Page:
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The SIR Model from epidemiology is being discussed a lot recently due to the COVID19 scenario. I recently read this article about the Corona virus and what economics can offer- https://afinetheorem.wordpress.com/2020/03/13/the-simple-economics-of-social-distancing-and-the-coronavirus/

In the beginning itself, it mentions that "the most straightforward epidemiological model of infection – the SIR model dating back to the 1920s – is actually quite commonly used in economic models of innovation or information diffusion, so it is one we are often quite familiar with."

Which economic model or which class of economic models is likely referred to in this line? Where can I read more and learn about these models of information and innovation?

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I'm not familiar with this area, so I can't tell you what are the seminal works, etc., but a quick search finds Gurley & Johnson (2017) "Viral economics: an epidemiological model of knowledge diffusion in economics":

We model the diffusion of economic knowledge using an epidemiological model of susceptible, exposed, infected/inspired, and recovered populations (SEIR). Treating peer-reviewed journal publications as evidence of a scholar’s infection/inspiration with energy for an idea or theme, we estimate the coefficients of a four-equation simultaneous system for each of 759 sub-fields of economics. Results show that some sub-fields of economics (or viruses, here) grow endogenously much faster than others, and just over half have basic reproduction properties sufficient to ensure survival without the annual addition of new protégé scholars.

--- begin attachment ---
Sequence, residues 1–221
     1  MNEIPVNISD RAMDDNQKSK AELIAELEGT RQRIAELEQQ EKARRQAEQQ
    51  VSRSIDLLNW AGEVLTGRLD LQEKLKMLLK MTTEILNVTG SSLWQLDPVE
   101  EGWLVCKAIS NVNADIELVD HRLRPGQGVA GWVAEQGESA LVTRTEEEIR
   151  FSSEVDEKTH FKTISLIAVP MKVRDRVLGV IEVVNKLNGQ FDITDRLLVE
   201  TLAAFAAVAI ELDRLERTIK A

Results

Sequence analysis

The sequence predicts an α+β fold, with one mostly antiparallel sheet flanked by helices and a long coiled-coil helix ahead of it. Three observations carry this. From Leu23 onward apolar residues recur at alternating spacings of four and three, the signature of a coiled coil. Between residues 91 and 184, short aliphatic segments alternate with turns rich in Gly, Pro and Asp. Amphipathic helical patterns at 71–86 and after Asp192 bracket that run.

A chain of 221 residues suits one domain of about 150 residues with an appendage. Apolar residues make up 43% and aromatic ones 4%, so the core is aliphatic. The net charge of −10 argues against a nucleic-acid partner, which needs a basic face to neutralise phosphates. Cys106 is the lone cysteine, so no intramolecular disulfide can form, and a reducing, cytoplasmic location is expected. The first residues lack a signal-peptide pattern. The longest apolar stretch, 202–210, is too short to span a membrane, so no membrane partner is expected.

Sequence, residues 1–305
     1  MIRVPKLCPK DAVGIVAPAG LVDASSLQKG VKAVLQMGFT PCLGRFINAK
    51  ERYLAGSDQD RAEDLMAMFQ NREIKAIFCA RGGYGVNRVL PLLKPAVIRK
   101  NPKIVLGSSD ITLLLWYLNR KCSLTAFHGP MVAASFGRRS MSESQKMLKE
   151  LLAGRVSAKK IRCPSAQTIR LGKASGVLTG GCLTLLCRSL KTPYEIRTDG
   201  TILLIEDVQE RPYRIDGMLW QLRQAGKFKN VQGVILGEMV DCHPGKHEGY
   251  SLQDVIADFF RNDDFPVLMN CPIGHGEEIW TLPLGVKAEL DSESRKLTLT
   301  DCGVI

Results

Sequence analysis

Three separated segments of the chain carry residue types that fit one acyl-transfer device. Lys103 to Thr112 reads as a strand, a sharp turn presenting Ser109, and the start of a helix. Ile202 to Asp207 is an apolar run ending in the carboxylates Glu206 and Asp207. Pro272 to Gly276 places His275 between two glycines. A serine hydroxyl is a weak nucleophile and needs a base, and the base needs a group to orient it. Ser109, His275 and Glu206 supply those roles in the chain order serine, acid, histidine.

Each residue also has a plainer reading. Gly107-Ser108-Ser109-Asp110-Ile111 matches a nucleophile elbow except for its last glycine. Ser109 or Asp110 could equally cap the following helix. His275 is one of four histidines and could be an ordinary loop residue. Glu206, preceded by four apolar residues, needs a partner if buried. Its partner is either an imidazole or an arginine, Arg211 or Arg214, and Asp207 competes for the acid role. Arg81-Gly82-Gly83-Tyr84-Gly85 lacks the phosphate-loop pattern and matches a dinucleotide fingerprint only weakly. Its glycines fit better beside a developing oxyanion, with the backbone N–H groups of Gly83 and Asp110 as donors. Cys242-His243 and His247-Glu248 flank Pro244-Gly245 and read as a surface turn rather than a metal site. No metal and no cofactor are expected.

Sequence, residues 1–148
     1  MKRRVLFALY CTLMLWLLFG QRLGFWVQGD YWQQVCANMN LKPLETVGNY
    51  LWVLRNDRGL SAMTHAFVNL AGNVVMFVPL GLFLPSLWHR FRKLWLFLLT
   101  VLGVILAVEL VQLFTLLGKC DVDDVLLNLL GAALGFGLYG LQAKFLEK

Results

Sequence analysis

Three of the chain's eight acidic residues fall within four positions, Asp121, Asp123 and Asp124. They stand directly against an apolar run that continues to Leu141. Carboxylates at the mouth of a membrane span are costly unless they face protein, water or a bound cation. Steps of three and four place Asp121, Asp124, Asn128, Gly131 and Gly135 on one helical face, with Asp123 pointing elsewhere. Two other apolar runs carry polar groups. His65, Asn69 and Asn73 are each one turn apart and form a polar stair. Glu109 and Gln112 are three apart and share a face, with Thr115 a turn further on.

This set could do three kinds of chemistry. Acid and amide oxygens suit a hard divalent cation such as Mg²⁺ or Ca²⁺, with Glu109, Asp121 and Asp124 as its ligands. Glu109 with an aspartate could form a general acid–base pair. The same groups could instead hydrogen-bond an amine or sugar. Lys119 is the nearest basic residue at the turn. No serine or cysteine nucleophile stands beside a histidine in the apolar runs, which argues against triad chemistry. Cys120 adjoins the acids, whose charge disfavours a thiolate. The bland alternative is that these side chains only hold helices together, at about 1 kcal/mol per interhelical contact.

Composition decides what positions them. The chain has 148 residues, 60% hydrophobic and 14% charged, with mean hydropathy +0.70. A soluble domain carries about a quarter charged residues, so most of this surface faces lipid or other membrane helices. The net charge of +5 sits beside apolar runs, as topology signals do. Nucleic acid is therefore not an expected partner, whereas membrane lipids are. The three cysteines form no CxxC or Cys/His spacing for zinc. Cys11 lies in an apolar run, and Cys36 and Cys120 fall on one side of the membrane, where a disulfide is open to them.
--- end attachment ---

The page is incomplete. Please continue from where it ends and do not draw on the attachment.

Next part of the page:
Which in some sense is amusing because it's applying the model to economics knowledge/research itself. (The paper looks like it has been in draft out there for a while; there's one dating back to 2011, which is freely available on SSRN.)

I suspect the paper cites some other relevant work(s) in this area.

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